OFDM [5]. Then, the transmitted signal is generated according

to (1) considering overlapping or zero padding. Finally, the

discrete block is converted to an analogue signal using an

digital-to-analogue converter (DAC) with sampling rate Fs.

The subcarrier spacing can be derived as Δf=Fs

Kand the

bandwidth can be controlled via Kon. At the receiver side, a

similar block is employed to perform receiver-side windowing

to suppress collection of spectral leakage from adjacent signals

and CP/CS removal.

III. TRANSCEIVER DESIGN

The block diagram in Figure 2 depicts the components

which have been integrated in the overall demonstrator. Except

for the blue marked blocks supplied by NI, all other blocks

are implemented highly ﬂexible to support the various require-

ments of 5G wireless networks. The focus of this paper lies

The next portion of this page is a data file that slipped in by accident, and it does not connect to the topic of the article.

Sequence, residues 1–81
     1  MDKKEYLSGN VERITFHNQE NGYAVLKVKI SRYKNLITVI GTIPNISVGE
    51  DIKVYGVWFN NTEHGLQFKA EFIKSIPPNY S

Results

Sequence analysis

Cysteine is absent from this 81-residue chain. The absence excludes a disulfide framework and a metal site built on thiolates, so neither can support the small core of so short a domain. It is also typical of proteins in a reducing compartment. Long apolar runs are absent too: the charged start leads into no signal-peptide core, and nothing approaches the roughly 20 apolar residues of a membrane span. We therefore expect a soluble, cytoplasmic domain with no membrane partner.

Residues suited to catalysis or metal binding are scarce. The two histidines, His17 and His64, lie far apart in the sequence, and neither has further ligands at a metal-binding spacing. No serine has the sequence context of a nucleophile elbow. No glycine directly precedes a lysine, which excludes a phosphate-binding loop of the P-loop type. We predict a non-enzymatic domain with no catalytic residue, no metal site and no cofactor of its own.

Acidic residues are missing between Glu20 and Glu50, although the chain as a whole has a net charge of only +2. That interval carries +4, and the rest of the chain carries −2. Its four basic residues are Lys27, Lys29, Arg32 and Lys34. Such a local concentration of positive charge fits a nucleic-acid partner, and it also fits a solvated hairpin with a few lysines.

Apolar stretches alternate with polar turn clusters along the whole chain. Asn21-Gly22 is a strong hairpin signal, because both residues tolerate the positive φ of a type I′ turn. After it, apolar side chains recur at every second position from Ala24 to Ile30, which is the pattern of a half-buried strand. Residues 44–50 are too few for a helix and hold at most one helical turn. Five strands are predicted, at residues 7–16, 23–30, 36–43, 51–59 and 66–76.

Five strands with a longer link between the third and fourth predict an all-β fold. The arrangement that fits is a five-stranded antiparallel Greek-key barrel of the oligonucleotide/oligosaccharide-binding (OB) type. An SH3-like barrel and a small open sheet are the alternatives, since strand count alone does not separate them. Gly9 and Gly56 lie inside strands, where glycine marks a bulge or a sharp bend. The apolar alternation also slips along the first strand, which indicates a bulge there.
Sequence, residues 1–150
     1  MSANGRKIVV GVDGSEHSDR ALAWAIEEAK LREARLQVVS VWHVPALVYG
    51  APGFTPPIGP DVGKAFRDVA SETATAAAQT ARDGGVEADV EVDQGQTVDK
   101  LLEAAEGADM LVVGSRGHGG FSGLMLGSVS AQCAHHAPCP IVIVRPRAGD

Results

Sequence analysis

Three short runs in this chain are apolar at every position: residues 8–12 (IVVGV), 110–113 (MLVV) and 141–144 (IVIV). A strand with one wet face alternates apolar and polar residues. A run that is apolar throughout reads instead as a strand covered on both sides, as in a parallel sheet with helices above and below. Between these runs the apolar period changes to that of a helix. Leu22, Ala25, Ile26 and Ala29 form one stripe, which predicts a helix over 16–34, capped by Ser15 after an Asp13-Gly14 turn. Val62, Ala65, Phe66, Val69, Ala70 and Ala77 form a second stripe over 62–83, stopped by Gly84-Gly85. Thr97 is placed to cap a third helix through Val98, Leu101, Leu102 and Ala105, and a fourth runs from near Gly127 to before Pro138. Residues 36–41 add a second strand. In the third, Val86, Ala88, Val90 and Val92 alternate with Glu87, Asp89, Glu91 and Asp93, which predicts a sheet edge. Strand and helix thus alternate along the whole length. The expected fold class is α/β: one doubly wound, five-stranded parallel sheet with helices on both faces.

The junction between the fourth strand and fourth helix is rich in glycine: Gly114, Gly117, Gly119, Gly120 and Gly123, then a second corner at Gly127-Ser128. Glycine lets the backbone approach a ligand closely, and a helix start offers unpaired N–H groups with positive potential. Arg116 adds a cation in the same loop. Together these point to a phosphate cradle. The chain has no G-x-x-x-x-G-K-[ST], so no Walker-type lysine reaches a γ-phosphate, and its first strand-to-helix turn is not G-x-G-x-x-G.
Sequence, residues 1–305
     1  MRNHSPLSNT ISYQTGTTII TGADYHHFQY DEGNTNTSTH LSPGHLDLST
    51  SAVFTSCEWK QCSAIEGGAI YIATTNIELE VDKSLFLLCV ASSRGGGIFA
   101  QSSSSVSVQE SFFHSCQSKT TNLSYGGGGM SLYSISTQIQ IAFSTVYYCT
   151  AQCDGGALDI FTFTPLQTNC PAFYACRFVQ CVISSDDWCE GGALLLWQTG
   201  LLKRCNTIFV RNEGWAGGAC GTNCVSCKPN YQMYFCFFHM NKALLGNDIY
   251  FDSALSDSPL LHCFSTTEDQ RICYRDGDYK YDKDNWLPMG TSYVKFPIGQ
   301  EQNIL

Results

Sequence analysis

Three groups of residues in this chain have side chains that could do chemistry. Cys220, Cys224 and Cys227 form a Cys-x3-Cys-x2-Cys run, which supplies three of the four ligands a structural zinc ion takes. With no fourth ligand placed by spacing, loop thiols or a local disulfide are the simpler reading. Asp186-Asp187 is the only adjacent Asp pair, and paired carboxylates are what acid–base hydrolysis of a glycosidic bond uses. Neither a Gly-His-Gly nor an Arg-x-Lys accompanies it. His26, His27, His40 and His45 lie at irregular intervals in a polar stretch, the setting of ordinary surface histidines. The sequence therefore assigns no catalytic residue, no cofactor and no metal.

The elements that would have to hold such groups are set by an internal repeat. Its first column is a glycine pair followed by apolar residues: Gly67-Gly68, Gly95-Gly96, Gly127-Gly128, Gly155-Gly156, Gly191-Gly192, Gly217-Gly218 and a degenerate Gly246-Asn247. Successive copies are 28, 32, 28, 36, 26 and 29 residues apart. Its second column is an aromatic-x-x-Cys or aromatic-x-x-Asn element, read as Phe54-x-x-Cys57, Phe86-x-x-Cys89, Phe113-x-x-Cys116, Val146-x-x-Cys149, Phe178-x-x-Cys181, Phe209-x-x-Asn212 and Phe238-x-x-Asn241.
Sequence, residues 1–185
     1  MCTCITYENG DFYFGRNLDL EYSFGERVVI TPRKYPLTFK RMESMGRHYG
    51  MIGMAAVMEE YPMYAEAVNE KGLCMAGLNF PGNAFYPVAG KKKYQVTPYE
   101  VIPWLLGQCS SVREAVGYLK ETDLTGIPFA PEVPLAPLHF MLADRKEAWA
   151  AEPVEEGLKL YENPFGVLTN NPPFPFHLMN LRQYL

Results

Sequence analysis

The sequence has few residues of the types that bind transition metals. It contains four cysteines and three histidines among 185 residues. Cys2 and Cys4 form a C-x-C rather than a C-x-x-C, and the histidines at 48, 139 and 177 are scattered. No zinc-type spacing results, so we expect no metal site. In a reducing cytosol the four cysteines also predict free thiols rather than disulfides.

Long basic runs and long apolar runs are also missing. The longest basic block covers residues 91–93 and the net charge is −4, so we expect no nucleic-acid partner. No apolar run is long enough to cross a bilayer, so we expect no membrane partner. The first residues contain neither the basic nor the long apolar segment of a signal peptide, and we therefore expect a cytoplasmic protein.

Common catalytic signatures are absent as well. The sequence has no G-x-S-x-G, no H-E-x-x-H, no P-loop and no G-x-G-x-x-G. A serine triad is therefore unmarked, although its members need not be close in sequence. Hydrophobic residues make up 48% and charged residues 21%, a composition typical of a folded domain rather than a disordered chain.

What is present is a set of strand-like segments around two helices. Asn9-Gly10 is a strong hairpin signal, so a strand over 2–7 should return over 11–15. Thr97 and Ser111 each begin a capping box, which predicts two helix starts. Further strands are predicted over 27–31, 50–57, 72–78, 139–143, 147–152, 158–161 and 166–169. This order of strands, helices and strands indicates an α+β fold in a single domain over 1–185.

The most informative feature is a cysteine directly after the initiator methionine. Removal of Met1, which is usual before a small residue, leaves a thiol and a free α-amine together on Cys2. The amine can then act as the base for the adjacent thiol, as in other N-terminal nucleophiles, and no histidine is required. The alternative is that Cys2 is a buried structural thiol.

on the PHY aspects of a 5G transceiver, since these signal

processing algorithms have to be implemented in FPGA to

1Switching between FFT and IFFT does usually incur only a neglible

overhead.

support the throughput and latency requirements. In particular,

we focus on describing the core modem implementation.

medium access control (MAC) and higher layers will be

implemented using software components running on standard

PC hardware as those are not as time critical to require

specialized hardware accelerator support. The design follows

a handeshaking protocol, where each unit is indicating the

previous unit if it can accept data. This way samples cannot

get lost during the processing and a slower radio-frequency

(RF) sampling rate slows down the signal processing.

Control PC

Host controller

UDP

data

source

To GFDM block

UDP

data

sink

To UDP packet

QAM

Mapper

Preamble

Multiplexer

SDR

D/A + RF

Modulator

Resource

Mapper

CP/CS

Windowing

FPGA

Channel

Estimation

Synchronization

Decoder

SDR

RF + A/D

QAM

Demapper

Channel

Equalization

Demodulator

Resource

Demapper

UDP

Configu

ration

Encoder

Listen before Talk, Sensing

FPGA

Controller

Fig. 2: Block diagram of the transceiver.